Many of Queensland's other copper operations are clustered in the same region at Mount Isa, such as 29Metals' (ASX:29M) Capricorn Copper mine and Glencore's Ernest Henry mine.
For its part, Western Australia has nine mines and New South Wales has eight. Both host mines sitting on large copper reserves, including the Telfer mine in Western Australia, owned by Newmont (TSX:NGT,NYSE:NEM), and the Northparkes and Cadia East mines in New South Wales, which are owned by China Molybdenum (OTC Pink:CMCLF,HKEX:3993) and Newmont, respectively. Another worth mentioning is Aeris Resources’ (ASX:AIS,OTC Pink:ARSRF) Tritton operation, a long-life copper mine in New South Wales. The mine produced 17,205 tonnes of copper in its 2023 fiscal year.
This is just a snapshot of some of the country's major copper mines — there are many others that sit on smaller reserves, primarily in New South Wales, Queensland and Western Australia. There is also one mine in Tasmania. While they don't have operating mines, Victoria and the Northern Territory are both home to developing copper projects.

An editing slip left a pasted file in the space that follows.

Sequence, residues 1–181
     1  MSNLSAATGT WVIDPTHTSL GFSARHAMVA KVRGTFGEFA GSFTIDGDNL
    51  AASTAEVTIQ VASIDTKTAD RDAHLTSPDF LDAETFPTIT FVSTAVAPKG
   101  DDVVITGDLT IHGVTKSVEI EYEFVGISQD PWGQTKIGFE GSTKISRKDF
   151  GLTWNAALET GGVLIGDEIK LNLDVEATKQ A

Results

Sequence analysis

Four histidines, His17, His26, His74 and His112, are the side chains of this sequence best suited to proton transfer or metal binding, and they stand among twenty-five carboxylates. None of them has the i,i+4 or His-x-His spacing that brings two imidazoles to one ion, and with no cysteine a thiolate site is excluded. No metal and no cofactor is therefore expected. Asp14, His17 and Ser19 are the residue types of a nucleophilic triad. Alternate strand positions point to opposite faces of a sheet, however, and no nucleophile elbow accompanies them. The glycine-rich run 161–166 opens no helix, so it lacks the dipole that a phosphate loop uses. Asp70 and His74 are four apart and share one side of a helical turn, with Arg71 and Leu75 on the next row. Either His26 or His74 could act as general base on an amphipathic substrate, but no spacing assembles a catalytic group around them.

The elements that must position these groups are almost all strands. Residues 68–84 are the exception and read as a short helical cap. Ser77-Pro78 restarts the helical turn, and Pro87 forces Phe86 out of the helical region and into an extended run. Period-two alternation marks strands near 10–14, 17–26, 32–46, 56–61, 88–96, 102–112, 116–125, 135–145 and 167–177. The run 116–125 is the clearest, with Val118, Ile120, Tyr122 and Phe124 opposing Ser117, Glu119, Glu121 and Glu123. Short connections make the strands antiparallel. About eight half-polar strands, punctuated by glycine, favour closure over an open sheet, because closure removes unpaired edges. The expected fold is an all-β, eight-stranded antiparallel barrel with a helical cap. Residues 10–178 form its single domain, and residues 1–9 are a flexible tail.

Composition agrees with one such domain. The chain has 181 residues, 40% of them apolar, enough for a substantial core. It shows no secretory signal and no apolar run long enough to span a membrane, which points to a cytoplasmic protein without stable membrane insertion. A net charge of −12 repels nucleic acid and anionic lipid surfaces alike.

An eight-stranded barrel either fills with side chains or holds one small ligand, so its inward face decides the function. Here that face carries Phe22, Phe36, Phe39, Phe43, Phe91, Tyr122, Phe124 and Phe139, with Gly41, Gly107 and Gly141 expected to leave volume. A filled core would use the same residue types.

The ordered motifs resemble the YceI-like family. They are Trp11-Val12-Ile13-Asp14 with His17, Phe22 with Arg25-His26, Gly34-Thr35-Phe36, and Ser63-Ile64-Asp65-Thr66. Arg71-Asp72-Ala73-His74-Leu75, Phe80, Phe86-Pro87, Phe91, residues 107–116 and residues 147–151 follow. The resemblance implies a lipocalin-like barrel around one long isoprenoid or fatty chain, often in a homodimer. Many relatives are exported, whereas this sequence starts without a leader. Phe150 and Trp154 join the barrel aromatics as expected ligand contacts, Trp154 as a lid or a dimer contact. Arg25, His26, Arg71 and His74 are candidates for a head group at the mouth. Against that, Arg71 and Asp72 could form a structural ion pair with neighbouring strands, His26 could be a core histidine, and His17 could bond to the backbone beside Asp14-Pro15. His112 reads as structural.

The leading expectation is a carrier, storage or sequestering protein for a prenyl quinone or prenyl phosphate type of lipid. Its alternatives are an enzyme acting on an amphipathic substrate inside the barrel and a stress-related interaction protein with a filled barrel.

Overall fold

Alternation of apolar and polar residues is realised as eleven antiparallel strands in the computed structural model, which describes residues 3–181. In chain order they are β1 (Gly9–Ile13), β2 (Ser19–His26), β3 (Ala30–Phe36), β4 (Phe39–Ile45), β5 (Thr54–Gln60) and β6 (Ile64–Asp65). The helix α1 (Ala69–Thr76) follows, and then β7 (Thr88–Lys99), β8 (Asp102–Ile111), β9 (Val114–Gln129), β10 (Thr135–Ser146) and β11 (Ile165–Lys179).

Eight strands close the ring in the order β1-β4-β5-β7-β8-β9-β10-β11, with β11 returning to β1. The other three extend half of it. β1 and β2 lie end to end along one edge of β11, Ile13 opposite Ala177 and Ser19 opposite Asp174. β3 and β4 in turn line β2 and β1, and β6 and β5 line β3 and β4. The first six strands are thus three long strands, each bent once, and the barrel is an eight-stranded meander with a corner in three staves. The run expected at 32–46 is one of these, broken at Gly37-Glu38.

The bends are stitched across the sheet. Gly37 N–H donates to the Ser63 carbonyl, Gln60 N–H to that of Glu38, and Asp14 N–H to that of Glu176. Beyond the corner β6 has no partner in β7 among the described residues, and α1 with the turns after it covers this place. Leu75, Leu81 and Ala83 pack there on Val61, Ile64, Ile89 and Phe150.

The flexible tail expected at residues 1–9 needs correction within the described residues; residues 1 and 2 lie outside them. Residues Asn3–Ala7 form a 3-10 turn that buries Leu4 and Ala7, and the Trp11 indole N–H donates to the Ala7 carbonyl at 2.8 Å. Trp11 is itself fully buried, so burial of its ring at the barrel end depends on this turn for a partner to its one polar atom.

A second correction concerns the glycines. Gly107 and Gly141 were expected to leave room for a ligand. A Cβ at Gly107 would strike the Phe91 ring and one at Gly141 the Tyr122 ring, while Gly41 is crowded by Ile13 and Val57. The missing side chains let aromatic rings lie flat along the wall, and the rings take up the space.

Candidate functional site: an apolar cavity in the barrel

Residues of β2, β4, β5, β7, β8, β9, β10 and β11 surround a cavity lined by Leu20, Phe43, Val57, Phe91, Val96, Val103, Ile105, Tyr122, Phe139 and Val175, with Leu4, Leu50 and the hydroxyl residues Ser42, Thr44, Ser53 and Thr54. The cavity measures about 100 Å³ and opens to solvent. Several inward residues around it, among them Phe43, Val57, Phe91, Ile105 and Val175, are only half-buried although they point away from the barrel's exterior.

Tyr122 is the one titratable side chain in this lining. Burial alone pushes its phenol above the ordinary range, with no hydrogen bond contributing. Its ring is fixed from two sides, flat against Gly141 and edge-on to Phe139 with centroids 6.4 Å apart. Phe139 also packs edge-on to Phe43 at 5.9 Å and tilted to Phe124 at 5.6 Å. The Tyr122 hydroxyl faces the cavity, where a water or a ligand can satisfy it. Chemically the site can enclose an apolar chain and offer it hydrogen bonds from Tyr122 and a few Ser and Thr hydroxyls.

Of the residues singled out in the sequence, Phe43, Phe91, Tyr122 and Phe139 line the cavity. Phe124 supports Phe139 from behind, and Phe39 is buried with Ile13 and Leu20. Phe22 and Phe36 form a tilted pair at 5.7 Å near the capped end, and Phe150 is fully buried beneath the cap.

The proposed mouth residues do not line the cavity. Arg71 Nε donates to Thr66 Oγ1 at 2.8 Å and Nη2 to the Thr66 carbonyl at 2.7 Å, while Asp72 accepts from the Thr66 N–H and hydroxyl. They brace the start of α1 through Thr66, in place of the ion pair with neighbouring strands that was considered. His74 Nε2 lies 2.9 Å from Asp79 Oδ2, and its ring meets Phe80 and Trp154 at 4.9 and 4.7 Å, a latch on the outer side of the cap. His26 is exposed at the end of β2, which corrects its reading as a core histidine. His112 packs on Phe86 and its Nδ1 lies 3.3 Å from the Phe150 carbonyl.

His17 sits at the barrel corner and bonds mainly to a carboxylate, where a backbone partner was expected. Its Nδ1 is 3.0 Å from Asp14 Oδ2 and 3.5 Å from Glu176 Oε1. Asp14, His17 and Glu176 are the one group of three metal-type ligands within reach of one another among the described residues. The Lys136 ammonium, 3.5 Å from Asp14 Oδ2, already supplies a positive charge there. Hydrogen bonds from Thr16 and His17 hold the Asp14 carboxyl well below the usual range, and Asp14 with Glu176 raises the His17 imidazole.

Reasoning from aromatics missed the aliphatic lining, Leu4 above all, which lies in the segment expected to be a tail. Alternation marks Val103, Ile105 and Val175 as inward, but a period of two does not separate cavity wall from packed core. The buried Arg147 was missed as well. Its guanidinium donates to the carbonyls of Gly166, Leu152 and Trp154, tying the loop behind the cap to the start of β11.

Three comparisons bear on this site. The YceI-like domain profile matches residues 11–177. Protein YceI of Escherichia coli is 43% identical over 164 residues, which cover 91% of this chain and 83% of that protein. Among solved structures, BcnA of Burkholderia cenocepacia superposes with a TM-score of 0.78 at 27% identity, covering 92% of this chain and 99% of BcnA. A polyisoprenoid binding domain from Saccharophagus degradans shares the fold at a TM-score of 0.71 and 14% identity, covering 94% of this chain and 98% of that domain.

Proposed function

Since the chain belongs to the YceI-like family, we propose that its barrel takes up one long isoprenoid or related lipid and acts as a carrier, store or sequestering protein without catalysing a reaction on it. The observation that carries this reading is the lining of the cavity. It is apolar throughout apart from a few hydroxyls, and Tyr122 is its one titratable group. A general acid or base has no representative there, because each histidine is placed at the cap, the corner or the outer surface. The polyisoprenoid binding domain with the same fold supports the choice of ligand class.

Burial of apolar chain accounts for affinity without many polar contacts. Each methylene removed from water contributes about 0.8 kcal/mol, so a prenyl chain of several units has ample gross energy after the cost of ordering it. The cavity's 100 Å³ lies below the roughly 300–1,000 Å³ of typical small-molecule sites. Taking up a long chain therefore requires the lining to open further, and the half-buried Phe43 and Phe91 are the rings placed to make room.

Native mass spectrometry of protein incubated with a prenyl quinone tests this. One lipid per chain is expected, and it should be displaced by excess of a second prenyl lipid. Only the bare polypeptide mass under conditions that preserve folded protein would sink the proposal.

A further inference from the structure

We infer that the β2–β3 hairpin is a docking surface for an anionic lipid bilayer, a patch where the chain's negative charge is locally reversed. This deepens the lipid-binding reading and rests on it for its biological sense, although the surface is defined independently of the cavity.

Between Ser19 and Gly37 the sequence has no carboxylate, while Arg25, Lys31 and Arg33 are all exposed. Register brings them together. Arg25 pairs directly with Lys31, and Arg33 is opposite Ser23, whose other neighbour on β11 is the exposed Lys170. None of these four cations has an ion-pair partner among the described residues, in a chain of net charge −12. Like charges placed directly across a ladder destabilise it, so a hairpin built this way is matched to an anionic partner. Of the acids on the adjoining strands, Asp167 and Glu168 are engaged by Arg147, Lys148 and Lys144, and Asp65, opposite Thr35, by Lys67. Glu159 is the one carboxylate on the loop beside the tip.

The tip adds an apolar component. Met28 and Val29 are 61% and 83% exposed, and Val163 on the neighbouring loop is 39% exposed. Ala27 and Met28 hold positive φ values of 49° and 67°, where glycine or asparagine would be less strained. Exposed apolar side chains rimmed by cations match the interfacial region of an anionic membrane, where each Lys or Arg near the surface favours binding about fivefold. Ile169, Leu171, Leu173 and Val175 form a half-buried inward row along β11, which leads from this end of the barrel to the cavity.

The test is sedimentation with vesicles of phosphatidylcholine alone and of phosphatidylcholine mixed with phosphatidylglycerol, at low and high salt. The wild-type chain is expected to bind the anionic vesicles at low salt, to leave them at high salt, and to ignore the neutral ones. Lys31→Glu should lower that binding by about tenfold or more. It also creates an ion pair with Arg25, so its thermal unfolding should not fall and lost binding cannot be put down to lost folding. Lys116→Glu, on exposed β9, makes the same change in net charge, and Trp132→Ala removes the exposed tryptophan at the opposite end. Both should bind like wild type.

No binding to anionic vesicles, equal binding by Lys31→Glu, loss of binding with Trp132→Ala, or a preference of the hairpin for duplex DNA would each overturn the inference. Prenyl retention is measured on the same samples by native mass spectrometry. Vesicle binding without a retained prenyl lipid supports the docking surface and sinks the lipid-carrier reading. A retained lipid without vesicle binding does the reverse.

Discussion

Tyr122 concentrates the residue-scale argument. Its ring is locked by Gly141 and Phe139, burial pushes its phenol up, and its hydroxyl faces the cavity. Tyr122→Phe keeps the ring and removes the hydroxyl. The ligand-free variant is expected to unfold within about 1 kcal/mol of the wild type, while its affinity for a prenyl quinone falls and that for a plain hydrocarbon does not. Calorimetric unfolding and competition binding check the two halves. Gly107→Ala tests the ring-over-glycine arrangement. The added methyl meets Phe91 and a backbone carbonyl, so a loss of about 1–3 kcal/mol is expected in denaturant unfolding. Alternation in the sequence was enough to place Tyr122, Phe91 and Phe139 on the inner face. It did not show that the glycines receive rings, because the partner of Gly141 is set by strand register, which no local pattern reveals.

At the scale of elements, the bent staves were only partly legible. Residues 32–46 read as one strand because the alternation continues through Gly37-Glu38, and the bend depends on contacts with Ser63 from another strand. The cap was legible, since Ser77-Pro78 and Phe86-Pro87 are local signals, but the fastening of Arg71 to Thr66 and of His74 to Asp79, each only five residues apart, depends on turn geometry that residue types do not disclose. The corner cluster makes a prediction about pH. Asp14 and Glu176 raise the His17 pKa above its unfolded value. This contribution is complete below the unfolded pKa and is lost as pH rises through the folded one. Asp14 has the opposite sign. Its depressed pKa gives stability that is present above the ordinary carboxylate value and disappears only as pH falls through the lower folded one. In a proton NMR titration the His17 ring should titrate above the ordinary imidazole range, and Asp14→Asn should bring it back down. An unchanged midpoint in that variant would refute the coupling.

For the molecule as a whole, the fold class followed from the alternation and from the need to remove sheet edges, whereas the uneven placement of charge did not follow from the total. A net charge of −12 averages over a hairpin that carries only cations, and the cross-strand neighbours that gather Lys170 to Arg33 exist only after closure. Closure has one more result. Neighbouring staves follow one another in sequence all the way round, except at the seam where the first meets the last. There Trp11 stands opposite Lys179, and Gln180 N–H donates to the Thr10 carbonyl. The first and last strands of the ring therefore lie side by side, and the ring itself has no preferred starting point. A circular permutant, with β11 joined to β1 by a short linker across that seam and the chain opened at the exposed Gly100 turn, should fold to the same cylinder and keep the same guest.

Where will Australia's next copper mines be?
Copper exploration and development is happening across Australia.
For the June 2023 quarter, the Australian government reported that copper exploration expenditures in the country rose to AU$176 million, a 30 percent increase from the equivalent quarter in 2022.
Mining major Rio Tinto (ASX:RIO,LSE:RIO,NYSE:RIO) has the Winu copper-gold project in Western Australia, which is sitting on an indicated mineral resource of 249 million tonnes at 0.55 percent copper equivalent and 358 million tonnes at 0.46 percent copper equivalent. The company is planning a shallow open-pit mine to exploit the resources there, and recently began seeking environmental approval for the project.
Hammer Metals (ASX:HMX) has been working on developing its Mount Isa project in Northwest Queensland, while Havilah Resources (ASX:HAV) in South Australia is touting its Kalkaroo project as the largest undeveloped open-pit copper discovery in the country — according to the company, Kalkaroo contains some 1.1 million tonnes of copper.